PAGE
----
Health Indicator Report of Teen Birth Rate
Poverty is one of the most important contributing factors to teenage pregnancy. In 2016, New Mexico had the 3rd highest child poverty rate among all states (25.9% of children age 0-17 in poverty) (U.S. Census Bureau, 2017). "Nearly all teen pregnancies are unplanned - that is, teens themselves say they did not intend to get pregnant or cause a pregnancy. More and more, teens are able to match their intentions with their actions. As a result of many factors, including increased access to and awareness of sexual health information and birth control, the United States has seen a 67 percent decline in the teen birth rate since 1991, including profound declines in all 50 states and among all racial/ethnic groups. Each year, about 210,000 teens still give birth, which is about 20 births for every 1,000 girls. To put another way, nearly two out of every 100 teen girls will have a child each year. Rates are higher among young people living in poverty, living in foster care, or facing persistent racism and discrimination. Add in the positive impact that preventing teen pregnancy can have on so many other issues: reducing poverty and improving young people's lifelong income, improving health and child welfare, supporting responsible fatherhood, and reducing other risky behaviors, and preventing teen pregnancy becomes not only a reproductive health issue but a national priority. What's more, daughters born to women in their 20s are three times less likely to become teen moms themselves compared with daughters of teen moms - so it is a change that ripples across generations" (Power to Decide, 2018, formerly the National Campaign to Prevent Teen and Unplanned Pregnancy, https://powertodecide.org/what-we-do/information/why-it-matters).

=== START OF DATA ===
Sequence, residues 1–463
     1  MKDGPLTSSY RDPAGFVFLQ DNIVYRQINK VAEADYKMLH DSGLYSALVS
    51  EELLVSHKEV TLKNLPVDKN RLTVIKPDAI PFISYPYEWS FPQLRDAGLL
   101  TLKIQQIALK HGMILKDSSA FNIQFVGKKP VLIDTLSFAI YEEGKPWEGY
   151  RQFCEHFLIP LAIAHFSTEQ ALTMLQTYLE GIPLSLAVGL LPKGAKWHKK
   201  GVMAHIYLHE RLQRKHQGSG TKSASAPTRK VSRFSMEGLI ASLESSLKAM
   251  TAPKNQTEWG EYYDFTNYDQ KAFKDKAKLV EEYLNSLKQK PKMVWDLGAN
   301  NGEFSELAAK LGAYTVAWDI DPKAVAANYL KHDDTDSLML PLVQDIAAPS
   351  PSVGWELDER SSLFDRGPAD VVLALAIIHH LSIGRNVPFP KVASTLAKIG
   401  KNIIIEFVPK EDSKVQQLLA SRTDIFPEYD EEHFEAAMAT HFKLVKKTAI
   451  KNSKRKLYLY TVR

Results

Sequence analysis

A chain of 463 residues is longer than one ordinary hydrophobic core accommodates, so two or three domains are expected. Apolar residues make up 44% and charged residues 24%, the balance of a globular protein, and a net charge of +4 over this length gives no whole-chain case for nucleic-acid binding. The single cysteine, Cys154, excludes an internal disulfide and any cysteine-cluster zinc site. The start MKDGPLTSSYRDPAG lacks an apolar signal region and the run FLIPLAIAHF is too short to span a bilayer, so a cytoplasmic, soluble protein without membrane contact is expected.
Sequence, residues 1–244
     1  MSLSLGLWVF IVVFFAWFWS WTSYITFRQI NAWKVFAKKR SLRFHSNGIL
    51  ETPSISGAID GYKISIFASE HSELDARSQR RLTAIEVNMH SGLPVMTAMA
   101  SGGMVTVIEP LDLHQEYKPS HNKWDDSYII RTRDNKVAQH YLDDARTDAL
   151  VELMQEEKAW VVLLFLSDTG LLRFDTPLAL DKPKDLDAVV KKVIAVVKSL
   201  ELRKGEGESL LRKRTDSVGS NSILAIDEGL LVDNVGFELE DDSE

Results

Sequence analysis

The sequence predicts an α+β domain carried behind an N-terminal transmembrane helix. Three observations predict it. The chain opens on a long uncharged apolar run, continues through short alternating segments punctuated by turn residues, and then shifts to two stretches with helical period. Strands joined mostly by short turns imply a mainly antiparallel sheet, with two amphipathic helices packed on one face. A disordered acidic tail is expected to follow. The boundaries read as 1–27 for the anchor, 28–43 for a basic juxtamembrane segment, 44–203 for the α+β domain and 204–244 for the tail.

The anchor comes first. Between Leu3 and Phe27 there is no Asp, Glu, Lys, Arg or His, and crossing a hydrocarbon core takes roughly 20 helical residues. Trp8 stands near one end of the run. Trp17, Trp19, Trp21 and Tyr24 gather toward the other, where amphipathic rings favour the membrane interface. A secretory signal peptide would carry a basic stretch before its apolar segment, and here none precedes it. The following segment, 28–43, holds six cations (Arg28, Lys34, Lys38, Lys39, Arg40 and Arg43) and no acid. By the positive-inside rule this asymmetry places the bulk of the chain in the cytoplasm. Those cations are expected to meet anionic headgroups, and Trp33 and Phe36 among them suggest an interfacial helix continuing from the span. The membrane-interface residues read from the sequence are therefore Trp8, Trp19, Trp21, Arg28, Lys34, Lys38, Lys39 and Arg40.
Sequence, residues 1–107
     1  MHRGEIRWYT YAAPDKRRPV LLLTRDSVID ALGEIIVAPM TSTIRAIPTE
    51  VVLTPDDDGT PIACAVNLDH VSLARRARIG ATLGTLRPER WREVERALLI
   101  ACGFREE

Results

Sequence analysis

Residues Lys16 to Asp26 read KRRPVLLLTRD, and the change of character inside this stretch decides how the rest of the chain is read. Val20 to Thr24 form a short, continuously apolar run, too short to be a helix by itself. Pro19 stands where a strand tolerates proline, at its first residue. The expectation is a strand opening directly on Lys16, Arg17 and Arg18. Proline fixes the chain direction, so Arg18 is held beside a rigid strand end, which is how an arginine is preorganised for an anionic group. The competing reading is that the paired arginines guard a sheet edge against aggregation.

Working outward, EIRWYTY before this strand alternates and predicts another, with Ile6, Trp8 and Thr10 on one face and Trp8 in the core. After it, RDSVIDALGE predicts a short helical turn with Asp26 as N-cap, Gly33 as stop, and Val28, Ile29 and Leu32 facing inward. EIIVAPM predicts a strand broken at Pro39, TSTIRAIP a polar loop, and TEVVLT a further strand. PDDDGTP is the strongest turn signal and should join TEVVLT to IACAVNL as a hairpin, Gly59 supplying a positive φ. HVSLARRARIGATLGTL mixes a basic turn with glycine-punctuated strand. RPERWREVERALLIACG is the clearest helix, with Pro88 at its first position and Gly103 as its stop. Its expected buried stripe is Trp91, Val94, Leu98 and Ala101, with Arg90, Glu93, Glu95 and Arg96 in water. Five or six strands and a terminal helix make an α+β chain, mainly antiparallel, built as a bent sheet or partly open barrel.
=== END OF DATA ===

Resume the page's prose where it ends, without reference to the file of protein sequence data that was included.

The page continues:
- Birth Certificate Data, Bureau of Vital Records and Health Statistics (BVRHS), New Mexico Department of Health.
- Population Estimates: University of New Mexico, Geospatial and Population Studies (GPS) Program, http://gps.unm.edu/.
- U.S. Data Source: Centers for Disease Control and Prevention, National Center for Health Statistics. http://www.cdc.gov/nchs/.
Data Interpretation IssuesThe teen birth rate includes live births to teen-aged mothers. It does not include all pregnancies, only those that resulted in a live birth.
DefinitionTeen Birth Rate is the number of births to females in the age group per 1,000 of the age group female population.
NumeratorThe number of births to females in the age group per year.
DenominatorThe population of females in the age group per year.
Page Content Updated On 07/16/2018, Published on 01/24/2019